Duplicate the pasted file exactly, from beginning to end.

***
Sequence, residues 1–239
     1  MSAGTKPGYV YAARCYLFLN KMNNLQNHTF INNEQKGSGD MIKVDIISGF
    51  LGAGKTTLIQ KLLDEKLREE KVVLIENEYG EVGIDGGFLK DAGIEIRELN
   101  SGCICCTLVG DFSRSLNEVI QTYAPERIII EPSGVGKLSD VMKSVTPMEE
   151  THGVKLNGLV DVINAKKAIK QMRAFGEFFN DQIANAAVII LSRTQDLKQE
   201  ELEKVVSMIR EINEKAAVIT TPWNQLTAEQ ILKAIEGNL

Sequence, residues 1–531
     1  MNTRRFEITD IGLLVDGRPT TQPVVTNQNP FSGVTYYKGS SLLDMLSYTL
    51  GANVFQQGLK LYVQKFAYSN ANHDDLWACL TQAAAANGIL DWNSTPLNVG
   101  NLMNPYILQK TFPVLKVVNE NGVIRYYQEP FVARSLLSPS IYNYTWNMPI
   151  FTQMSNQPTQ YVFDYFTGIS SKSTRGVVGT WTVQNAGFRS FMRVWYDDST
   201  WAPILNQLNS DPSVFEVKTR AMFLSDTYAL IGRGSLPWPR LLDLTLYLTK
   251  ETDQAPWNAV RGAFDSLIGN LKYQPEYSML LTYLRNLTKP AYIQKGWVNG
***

Sequence, residues 1–239
     1  MSAGTKPGYV YAARCYLFLN KMNNLQNHTF INNEQKGSGD MIKVDIISGF
    51  LGAGKTTLIQ KLLDEKLREE KVVLIENEYG EVGIDGGFLK DAGIEIRELN
   101  SGCICCTLVG DFSRSLNEVI QTYAPERIII EPSGVGKLSD VMKSVTPMEE
   151  THGVKLNGLV DVINAKKAIK QMRAFGEFFN DQIANAAVII LSRTQDLKQE
   201  ELEKVVSMIR EINEKAAVIT TPWNQLTAEQ ILKAIEGNL

Sequence, residues 1–531
     1  MNTRRFEITD IGLLVDGRPT TQPVVTNQNP FSGVTYYKGS SLLDMLSYTL
    51  GANVFQQGLK LYVQKFAYSN ANHDDLWACL TQAAAANGIL DWNSTPLNVG
   101  NLMNPYILQK TFPVLKVVNE NGVIRYYQEP FVARSLLSPS IYNYTWNMPI
   151  FTQMSNQPTQ YVFDYFTGIS SKSTRGVVGT WTVQNAGFRS FMRVWYDDST
   201  WAPILNQLNS DPSVFEVKTR AMFLSDTYAL IGRGSLPWPR LLDLTLYLTK
   251  ETDQAPWNAV RGAFDSLIGN LKYQPEYSML LTYLRNLTKP AYIQKGWVNG